March 24, 2002
Welcome to Wyndspirit Dreams! I have an ongoing project of typing up the journal Iíve kept since I was twelve. Recently I ran across an entry that brought the memories flooding back. When I was thirteen, I read a book called The Ghosts of Lee House. The story was about two brother-sister pairs of teenagers, Laurie and Phil and Jamie and Andy. Laurie and Phil moved next door to this haunted house and became involved in investigating the ghost with their neighbors, Jamie and Andy. Well, I loved a good ghost story, and I was so disappointed at the ending when the ghost turned out to be fake! Then and there, I decided to write my own version of the story, to write exactly the type of ghost story I liked to readÖwith a real ghost. I started writing a story I called, very originally, The Haunting of Lee House. I stole the names and ages of the main characters, but there the resemblance ended. In the journal entry, I was considering changing the name to simply The Haunting, because as I wrote the story it was turning out that Jamie was the one who was haunted, not the house. I also talked about using a beautiful folder I had recently purchased to hold the story. That folder is still with the original story, although so faint and battered the picture is barely visible. I should throw it away, but it has too much of a history.
Little did I know, when I started yet another of my many stories, what The Haunting would become for me. I started it when I was thirteen years old, and finished it when I was nineteen. I consider it a novel, although the stack of handwritten pages typed up to be much shorter than I expected. Throughout my teens, The Haunting was always there, the story I wrote exactly the way I wanted, whenever I happened to feel inspired. I fell head over heels in love with Jamie and Andy and Laurie and Phil. Jamie became the main character, not my alter ego, but my teenage ideal. She was beautiful, she was mystical, she was tragically haunted. I had no idea why she was haunted till the story was almost doneóI discovered things along with the characters. I had no clue what was going to happen next. It was like reading an excellent book that never ended. I wrote on it sitting out on the porch roof on the first warm days of March. I thought about it while I biked for hours on summer evenings, then I would come home and write on it up in my bedroom curled up on the chest that served as a window seat, enjoying the balmy summer night. I wrote on it in the living room in the midst of family chaos. I wrote on it on the hour-long bus ride to school. Reading through the stack of loose-leaf pages is almost as good as looking at a photo album of pictures of me throughout all my teenage years. My handwriting changes from clumsy and untutored to the stylized writing I affected during different periods of my teens to the smooth, simple writing I still use today. My style of writing changes and matures as well, till towards the end I can begin to see hints of the polished writing that would emerge in later years.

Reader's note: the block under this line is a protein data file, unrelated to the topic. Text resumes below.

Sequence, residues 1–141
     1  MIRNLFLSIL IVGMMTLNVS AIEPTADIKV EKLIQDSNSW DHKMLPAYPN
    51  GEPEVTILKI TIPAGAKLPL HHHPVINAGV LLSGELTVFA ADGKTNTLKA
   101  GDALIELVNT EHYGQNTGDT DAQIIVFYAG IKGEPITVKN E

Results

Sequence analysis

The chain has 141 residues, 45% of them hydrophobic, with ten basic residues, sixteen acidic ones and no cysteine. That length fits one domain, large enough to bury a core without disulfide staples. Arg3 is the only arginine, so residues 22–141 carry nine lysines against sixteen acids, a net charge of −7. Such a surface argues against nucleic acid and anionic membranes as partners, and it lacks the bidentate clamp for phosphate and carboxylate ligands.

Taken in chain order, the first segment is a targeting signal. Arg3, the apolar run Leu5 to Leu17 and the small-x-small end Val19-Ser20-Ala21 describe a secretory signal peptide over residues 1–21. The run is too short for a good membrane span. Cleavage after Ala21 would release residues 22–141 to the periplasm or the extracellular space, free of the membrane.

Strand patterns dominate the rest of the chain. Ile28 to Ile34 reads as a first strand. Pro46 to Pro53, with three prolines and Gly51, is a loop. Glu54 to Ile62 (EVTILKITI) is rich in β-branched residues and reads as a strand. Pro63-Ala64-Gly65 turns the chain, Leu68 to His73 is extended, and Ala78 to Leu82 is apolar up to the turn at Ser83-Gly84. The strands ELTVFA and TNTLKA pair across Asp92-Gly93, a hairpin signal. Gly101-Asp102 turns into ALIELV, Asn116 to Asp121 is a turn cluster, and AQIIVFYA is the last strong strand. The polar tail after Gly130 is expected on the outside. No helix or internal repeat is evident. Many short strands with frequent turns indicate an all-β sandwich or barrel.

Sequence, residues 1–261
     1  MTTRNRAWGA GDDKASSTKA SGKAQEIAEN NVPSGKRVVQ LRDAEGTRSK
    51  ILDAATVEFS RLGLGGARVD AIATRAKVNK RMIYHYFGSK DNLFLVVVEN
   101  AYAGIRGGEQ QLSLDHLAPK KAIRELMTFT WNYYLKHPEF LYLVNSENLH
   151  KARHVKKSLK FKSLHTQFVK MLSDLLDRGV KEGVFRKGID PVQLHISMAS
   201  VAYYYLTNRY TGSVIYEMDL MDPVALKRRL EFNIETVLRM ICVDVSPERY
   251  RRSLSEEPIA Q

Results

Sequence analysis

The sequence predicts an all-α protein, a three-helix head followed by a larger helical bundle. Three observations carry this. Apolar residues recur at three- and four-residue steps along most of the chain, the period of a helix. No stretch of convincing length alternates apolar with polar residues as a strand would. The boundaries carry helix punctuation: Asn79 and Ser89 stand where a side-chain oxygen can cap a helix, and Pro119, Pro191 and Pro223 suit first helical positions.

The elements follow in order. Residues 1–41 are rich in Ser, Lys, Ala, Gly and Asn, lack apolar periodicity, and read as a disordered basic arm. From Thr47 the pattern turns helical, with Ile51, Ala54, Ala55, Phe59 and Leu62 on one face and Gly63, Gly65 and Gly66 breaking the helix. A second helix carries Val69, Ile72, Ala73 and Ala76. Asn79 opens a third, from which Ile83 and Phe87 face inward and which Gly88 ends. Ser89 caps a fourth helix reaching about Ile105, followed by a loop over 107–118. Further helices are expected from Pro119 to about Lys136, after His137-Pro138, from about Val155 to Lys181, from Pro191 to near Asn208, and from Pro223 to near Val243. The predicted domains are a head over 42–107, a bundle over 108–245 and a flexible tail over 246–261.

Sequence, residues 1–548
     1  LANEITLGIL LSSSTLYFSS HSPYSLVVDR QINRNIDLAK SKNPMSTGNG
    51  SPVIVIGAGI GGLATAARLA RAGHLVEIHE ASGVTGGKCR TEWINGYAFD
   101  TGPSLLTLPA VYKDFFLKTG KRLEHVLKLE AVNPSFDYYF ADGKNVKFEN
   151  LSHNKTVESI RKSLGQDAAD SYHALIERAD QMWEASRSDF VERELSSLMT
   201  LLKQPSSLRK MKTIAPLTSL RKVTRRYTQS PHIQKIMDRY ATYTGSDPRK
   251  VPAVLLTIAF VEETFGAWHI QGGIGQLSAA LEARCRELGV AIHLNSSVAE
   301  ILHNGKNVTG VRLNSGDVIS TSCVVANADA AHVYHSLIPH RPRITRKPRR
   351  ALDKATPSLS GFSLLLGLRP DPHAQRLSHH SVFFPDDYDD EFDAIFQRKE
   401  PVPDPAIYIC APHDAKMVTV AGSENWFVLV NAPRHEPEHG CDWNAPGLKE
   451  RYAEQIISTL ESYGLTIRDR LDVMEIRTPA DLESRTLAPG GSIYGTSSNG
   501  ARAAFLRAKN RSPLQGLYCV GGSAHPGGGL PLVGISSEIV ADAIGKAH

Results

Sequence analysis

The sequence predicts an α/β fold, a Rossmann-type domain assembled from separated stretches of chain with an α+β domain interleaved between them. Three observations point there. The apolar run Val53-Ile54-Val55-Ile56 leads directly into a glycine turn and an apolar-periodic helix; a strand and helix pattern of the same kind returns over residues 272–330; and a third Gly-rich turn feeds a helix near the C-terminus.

I still remember the Eureka! moment when I realized why Jamie was haunted. Then, when I was nineteen years old, I finished The Haunting. I pacified the ghosts and got Jamie and Phil together for good. Then I wrote The End, and I felt like Iíd lost my best friends. Years went by, and I often thought of them, wondering what happened to them. Did Jamie and Phil ever have children? Did Laurie really marry Andy, or did she find somebody else? What scars did they all bear? Every few years I would find my pretty folder and lose myself in Jamieís story again, and wonder afresh whatever became of them.
You can guess what happened
eventually. I decided I needed to write a sequel so I could find out what
happened to them all. The sequel is barely started, and already there are
some surprises. The biggest surprise is that now the story focuses on the
very ordinary Laurie instead of the mystical Jamie. Maybe Iím finally growing
up? ButÖwere the ghosts real? I canít wait to find out!